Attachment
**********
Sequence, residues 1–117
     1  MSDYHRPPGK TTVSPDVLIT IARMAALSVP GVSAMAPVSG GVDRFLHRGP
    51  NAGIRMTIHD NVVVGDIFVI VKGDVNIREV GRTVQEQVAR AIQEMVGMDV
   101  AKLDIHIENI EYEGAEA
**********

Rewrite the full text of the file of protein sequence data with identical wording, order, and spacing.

Sequence, residues 1–117
     1  MSDYHRPPGK TTVSPDVLIT IARMAALSVP GVSAMAPVSG GVDRFLHRGP
    51  NAGIRMTIHD NVVVGDIFVI VKGDVNIREV GRTVQEQVAR AIQEMVGMDV
   101  AKLDIHIENI EYEGAEA